Saturday, June 18, 2016

Denali National Park, Week 1 - Stop 21 on our Trek North to Alaska

It poured rain all Saturday night, and we faced more rain on Sunday as we left Fairbanks.  All this rain in Fairbanks, a place that supposedly gets only 12 inches of precipitation per year.  Are you seeing a pattern here?

We spent the last week hooked up at Denali RV Park in Healy, AK, just 8 miles outside of Denali National Park.

Denali National Park has a weird system in place, different from any other National Park we have visited.  If you don't have the annual National Park Pass like we do, there is a $10/person/week charge to enter the Park, though there is no gate for entry nor did we see any specific area to purchase passes.  You can visit anywhere within the first 15 miles of the Park with your own vehicle or by utilizing their complimentary shuttle service.  In order to access any area beyond the first 15 miles, you must take a specific tour or purchase a shuttle pass for $34/person.

For those staying in an RV at Teklanika Campground within the Park, you must purchase a bus pass to access points in the Park beyond the campground at Mile 29.  All personal vehicles are prohibited.  So if you tow a car like Mike/Claudia do, you must leave it at the Visitor Center.  The bus transports you anywhere from the campground to Mile 92.5, the end of the Park roadway.  However, once you enter Teklanika Campground with your RV, you cannot go back to visit any point within the first 29 miles of the Park, where the Visitor Center, Mercantile, Sled Dog Kennels, Savage River hiking trails, etc., are all located.  If you drive out of the campground for any reason during the course of your stay, your reservation is canceled and you must repay to get back into the campground!  Does the Eagles song, "Hotel California" come to mind?

Hence our decision to spend a week outside of the Park before our stay at Teklanika Campground.  And a good decision it was!

On Monday we perused the Visitor Center displays, watched the film (Mom insists we do this EVERYWHERE we go), and participated in a wonderful ranger-led hike to the dog kennels where the sled dogs demonstrated their talents and duties.  (These are all things that cannot be accessed once we enter the campground.)  What fun meeting all the doggies!  These dogs are part of the Park Service Staff.  Rangers consider them co-workers in protecting this vast wilderness.  They are some heavy haulers, too, moving debris and equipment.  The sled dog ranger team travels 3,000 miles per year.  Each dog works about 9 years of his/her 14-15 year lifespan!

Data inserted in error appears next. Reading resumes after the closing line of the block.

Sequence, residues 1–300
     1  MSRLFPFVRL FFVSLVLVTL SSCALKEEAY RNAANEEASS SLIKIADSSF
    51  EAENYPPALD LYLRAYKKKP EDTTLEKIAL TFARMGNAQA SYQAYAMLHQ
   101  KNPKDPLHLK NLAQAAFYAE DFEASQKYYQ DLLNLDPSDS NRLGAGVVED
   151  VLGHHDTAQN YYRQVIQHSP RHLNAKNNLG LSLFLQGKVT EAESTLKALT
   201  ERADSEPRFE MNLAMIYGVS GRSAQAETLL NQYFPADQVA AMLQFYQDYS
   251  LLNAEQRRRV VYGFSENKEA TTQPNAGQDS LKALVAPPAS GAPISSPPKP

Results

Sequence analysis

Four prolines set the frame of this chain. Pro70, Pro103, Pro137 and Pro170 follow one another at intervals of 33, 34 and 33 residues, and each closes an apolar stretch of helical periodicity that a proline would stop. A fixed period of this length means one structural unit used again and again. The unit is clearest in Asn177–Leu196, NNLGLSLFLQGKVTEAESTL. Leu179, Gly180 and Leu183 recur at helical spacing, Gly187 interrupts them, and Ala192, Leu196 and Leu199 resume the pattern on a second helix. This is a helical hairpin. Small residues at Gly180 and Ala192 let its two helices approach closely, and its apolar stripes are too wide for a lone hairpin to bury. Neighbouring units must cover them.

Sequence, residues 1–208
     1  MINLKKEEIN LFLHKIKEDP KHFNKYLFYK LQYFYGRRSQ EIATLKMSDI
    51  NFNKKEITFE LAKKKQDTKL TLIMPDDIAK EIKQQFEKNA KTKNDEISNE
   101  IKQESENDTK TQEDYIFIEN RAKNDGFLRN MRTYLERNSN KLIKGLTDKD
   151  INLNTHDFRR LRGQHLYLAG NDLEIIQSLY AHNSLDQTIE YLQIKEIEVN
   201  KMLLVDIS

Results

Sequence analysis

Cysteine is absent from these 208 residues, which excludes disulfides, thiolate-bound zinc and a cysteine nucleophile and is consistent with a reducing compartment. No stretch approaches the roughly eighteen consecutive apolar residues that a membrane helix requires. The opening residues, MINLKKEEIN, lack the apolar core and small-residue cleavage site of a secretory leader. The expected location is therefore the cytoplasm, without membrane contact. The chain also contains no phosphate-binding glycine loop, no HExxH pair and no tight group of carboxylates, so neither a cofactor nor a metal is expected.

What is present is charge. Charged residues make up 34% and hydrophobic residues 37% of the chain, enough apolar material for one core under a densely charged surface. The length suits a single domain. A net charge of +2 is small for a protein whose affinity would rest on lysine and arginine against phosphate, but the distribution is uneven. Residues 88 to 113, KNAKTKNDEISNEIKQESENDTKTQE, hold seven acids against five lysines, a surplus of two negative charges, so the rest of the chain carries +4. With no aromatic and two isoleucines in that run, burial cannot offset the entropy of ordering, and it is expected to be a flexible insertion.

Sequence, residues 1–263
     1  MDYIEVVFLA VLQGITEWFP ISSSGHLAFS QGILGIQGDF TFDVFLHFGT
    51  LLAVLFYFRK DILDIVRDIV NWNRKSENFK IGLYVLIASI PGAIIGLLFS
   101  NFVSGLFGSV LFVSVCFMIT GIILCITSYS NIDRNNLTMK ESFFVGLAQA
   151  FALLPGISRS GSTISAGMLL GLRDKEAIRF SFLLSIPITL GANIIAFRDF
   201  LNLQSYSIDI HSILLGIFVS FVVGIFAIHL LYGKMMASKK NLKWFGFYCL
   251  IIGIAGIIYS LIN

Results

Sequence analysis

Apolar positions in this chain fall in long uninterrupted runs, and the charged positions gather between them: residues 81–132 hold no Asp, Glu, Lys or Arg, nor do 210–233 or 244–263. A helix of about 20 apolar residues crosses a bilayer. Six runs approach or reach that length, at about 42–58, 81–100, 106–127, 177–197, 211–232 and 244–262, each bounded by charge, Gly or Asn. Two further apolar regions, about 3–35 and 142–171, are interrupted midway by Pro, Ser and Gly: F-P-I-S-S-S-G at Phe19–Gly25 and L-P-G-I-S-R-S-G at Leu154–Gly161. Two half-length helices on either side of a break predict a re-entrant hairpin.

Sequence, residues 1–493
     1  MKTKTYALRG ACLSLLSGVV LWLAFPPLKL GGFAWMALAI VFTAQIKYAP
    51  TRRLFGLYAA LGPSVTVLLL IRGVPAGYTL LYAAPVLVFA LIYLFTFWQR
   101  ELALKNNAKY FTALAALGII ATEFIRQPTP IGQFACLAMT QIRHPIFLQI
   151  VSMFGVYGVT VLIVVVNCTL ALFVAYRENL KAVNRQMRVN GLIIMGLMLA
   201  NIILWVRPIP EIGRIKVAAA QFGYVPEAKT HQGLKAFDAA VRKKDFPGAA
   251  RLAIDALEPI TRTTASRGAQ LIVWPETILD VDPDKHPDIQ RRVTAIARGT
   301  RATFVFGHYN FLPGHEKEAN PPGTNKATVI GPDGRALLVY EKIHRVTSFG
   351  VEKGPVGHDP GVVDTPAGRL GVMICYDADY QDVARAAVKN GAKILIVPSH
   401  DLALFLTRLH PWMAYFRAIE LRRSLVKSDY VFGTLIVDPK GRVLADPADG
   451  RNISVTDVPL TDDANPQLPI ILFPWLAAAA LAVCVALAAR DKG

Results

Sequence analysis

2016 Canine Rangers

Sled Dog Demonstration

Canine Ranger Koven

Canine Ranger Sylvie

On Tuesday, Daddy, Mike, and I spent the day fishing at Otto Lake.  There were fish jumping all around us.  What did we catch?  As Yukon Cornelius would say, nothin’.

Otto Lake

Me’s thinks I should have joined Mom and Claudia in their nearby hiking and shopping endeavors!

More Beautiful Wildflowers

Horses in a Pasture

Christmas Shop at Denali Princess Wilderness Lodge

Flower Bed at Grand Denali Lodge

Humorous Sign, But Oh So True--Huge Mosquitoes Here in Alaska!

On Wednesday, we took the Kantishna Experience, an 11-hour tour originating at Denali National Park Wilderness Access Area.  Our bus driver/tour guide Omar and Ranger Crystal were great, providing us with interesting facts about the Park and its colorful residents.  Mt. McKinley National Park, established in 1917, consisted of 2 million acres.  Renamed Denali National Park in 1980, it now encompasses 6 million acres, making it the third largest Park within the National Park system.  After 5 years as a National Park, it had a mere 7 visitors.  The powers to be decided in order to maximize visitors, an access road was required.  Work started in 1922 and took 15 years to complete through Mile 92.5.  But efforts certainly paid off:  today the Park hosts 400,000 visitors annually.